Submitted manuscripts should not have been published previously, nor be under consideration for publication elsewhere (except conference proceedings papers). All manuscripts are thoroughly refereed through a single-blind peer-review process. A guide for authors and other relevant information for submission of manuscripts is available on the Instructions for Authors page. Information is an international peer-reviewed open access monthly journal published by MDPI.

Please visit the Instructions for Authors page before submitting a manuscript. The Article Processing Charge (APC) for publication in this open access journal is 1600 CHF (Swiss Francs). Submitted papers should be well formatted and use good English. Authors may use MDPI's English editing service prior to publication or during author revisions.

Keywords

  • human activity recognition (HAR)
  • bio medical signal processing (BSP)
  • biomedical informatics
  • neural networks
  • signal processing
  • wearables
  • signal processing of data collected using noninvasive sensors
  • electrocardiogram (ECG)
  • electroencephalogram (EEG)
  • electromyogram (EMG)
  • radio signals (RSSI)
  • channel state information (CSI)
  • Internet of things (IoT)

Published Papers (2 papers)

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Research

15 pages, 3577 KiB  
Article
An Efficient EEG Signal Analysis for Emotion Recognition Using FPGA
by M. R. Ezilarasan and Man-Fai Leung
Information 2024, 15(6), 301; https://doi.org/10.3390/info15060301 - 24 May 2024
Viewed by 302
Abstract
Electroencephalography (EEG), electromyography (EMG), galvanic skin response (GSR), and electrocardiogram (ECG) are among the techniques developed for collecting psychophysiological data from humans. This study presents a feature extraction technique for identifying emotions in EEG-based data from the human brain. Independent component analysis (ICA) [...] Read more.
Electroencephalography (EEG), electromyography (EMG), galvanic skin response (GSR), and electrocardiogram (ECG) are among the techniques developed for collecting psychophysiological data from humans. This study presents a feature extraction technique for identifying emotions in EEG-based data from the human brain. Independent component analysis (ICA) was employed to eliminate artifacts from the raw brain signals before applying signal extraction to a convolutional neural network (CNN) for emotion identification. These features were then learned by the proposed CNN-LSTM (long short-term memory) algorithm, which includes a ResNet-152 classifier. The CNN-LSTM with ResNet-152 algorithm was used for the accurate detection and analysis of human emotional data. The SEED V dataset was employed for data collection in this study, and the implementation was carried out using an Altera DE2 FPGA development board, demonstrating improved performance in terms of FPGA speed and area optimization. Full article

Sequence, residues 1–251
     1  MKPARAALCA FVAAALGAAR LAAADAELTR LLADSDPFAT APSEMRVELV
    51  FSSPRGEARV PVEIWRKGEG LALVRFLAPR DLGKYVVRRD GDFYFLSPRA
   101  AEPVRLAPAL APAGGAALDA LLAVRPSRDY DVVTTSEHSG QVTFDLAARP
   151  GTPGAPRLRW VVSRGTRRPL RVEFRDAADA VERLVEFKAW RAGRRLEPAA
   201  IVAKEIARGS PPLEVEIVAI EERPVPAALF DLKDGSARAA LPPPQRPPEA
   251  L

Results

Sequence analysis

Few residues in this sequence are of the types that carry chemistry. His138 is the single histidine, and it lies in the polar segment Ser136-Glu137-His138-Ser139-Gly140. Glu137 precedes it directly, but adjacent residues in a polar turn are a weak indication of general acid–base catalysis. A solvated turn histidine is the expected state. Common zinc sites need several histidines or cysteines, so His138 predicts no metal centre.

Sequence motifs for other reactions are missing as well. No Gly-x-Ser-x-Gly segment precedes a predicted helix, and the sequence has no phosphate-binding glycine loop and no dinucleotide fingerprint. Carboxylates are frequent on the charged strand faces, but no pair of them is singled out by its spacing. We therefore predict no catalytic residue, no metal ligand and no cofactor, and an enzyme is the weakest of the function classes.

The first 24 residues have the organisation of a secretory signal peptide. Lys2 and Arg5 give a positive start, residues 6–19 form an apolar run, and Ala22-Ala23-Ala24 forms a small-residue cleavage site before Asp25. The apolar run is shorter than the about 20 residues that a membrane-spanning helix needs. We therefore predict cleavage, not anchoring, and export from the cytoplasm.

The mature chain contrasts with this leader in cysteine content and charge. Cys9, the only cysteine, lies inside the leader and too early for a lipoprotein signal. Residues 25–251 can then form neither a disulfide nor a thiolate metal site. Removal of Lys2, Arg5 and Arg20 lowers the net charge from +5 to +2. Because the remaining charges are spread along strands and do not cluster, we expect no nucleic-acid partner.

(This article belongs to the Special Issue Human Activity Recognition and Biomedical Signal Processing)
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18 pages, 5731 KiB  
Article
An Improved Method of Heart Rate Extraction Algorithm Based on Photoplethysmography for Sports Bracelet
by Binbin Ren, Zhaoyuxuan Wang, Kainan Ma, Yiheng Zhou and Ming Liu
Information 2023, 14(5), 297; https://doi.org/10.3390/info14050297 - 19 May 2023
Cited by 1 | Viewed by 2424
Abstract
Heart rate measurement employing photoplethysmography (PPG) is a prevalent technique for wearable devices. However, the acquired PPG signal is often contaminated with motion artifacts, which need to be accurately removed. In cases where the PPG and accelerometer (ACC) spectra overlap at the actual [...] Read more.
Heart rate measurement employing photoplethysmography (PPG) is a prevalent technique for wearable devices. However, the acquired PPG signal is often contaminated with motion artifacts, which need to be accurately removed. In cases where the PPG and accelerometer (ACC) spectra overlap at the actual heart rate, traditional discrete Fourier transform (DFT) algorithms fail to compute the heart rate accurately. This study proposed an enhanced heart rate extraction algorithm based on PPG to address the issue of PPG and ACC spectral overlap. The spectral overlap is assessed according to the morphological characteristics of both the PPG and ACC spectra. Upon detecting an overlap, the singular spectrum analysis (SSA) algorithm is employed to calculate the heart rate at the given time. The SSA algorithm effectively resolves the issue of spectral overlap by removing motion artifacts through the elimination of ACC-related time series in the PPG signal. Experimental results reveal that the accuracy of the proposed algorithm surpasses that of the traditional DFT method by 19.01%. The proposed method makes up for the deficiency posed by artifact and heart rate signal overlap in conventional algorithms and significantly improves heart rate extraction accuracy. Full article
(This article belongs to the Special Issue Human Activity Recognition and Biomedical Signal Processing)